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Over a Dozen States Backing Mexico's Attempt to Hobble Smith & Wesson

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Thirteen U.S. states have joined a civil lawsuit filed by the government of Mexico against Smith & Wesson, becoming parties to foreign interference to change American gun laws.

Smith & Wesson isn’t the only gun company Mexico is targeting in the lawsuit. Glock, Century International Arms, Ruger and Colt are some of the other defendants named, with the litigation targeting the American firearms industry broadly.

The lawsuit demands that the American gun companies limit the distribution of their products as a result of violence within the United States’ southern neighbor.

This foreign attack on the Second Amendment is being aided and abetted by Democratic states.

In court documents obtained by Courthouse News, Mexico’s lawyers accused the gun manufacturers of violating the country’s import laws.

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Massachusetts, California, Connecticut, Delaware, the District of Columbia, Hawaii, Illinois, Maryland, Michigan, Minnesota, New Jersey, New Mexico, New York and Oregon are listed as amicus parties to the Mexican lawsuit in January court documents published by Just Security.

The amicus brief filed in the case by American states represents cooperation with a foreign government to interfere in domestic American politics.

Through aiding the suit, the states are also jeopardizing the jobs and livelihoods of thousands of their own citizens. The firearms industry employs hundreds of thousands of Americans.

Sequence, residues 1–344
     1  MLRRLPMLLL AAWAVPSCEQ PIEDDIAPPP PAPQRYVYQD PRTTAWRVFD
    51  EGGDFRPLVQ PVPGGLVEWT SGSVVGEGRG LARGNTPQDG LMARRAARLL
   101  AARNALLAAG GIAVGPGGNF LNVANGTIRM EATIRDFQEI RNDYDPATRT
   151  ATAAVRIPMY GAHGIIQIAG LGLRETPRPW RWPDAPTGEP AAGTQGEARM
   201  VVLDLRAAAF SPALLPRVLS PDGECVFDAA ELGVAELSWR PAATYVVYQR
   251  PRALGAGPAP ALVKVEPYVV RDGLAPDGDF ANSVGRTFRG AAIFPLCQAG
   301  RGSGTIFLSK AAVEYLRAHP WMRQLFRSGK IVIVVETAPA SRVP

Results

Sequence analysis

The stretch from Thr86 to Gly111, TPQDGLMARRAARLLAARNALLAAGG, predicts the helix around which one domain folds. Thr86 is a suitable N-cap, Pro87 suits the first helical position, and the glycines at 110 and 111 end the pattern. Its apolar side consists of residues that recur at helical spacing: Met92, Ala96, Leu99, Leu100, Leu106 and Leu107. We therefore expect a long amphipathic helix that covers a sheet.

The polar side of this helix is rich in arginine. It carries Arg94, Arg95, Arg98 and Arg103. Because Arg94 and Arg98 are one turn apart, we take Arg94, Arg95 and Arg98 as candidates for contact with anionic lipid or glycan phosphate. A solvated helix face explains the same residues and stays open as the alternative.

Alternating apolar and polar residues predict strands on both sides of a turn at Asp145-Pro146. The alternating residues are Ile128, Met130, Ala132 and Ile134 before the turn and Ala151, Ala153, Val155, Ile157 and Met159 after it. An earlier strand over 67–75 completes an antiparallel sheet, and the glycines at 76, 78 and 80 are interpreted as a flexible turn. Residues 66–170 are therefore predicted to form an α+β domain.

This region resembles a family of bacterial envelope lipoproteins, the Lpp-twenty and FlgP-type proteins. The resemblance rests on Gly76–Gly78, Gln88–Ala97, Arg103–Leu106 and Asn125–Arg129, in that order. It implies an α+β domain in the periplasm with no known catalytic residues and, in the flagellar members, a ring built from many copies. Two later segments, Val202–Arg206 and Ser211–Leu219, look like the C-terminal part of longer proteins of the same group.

The states filed the brief after Smith & Wesson moved to dismiss Mexico’s lawsuit. The company argued that a foreign country had no right to impose its own domestic laws in American courts.

Should foreign countries have a veto over America's gun laws?

So-called progressive “lawfare” has emerged as a new primary tactic of the gun control movement, with bipartisan opposition to gun bans and new restrictions proving insurmountable for gun control’s prospects in Congress and state legislatures.

Mexico had filed its lawsuit in the United States Court of the District of Massachusetts, selecting a venue potentially more amenable to gun control arguments.

In comparison to the United States, Mexico has very restrictive gun laws. The country has only one legal gun store located on a military base.

In spite of this, the country has much higher levels of gun violence, in great part fueled by drug cartels and criminal organizations.

In its federal lawsuit against the gunsmiths, Mexico claims that firearms manufactured by the defendant companies have been used in nearly half of gun violence recorded in the country. “Defendants collectively account for nearly half of all crime guns recovered in Mexico,” the lawsuit reads. “From January through May 2020, Defendants accounted for the following percentages of all recovered guns: Smith & Wesson 9.9%; Barrett 2.3%; Beretta 5.8%; Century Arms 6.2%; Colt 10.8%; Glock 6.7%; and Ruger 6.2%.”

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Historically, Mexico has had a legal provision similar to the Second Amendment in the nation’s own constitution. However, the right to bear arms legally has been all but eliminated in the country, with reporting from the Los Angeles Times detailing the months of background checks necessary for legal gun ownership.

In a November speech, the foreign minister of Mexico called for regulation of gun manufacturers at the United Nations, appearing to take aim at the United States’ gun laws.

“This lawsuit does not question the right of countries and individuals to sell arms legally,” claimed Foreign Secretary Marcelo Ebrard, “but rather denounces the negligent practices that have serious consequences for other societies.”

In response to hostility from Democrat-governed states, major American firearms manufacturers, such as Remington, have opted to relocate their facilities to jurisdictions that respect the Second Amendment.

Remington, the United States’ oldest gun manufacturer, had been located in upstate New York for two centuries.

This article appeared originally on The Western Journal.

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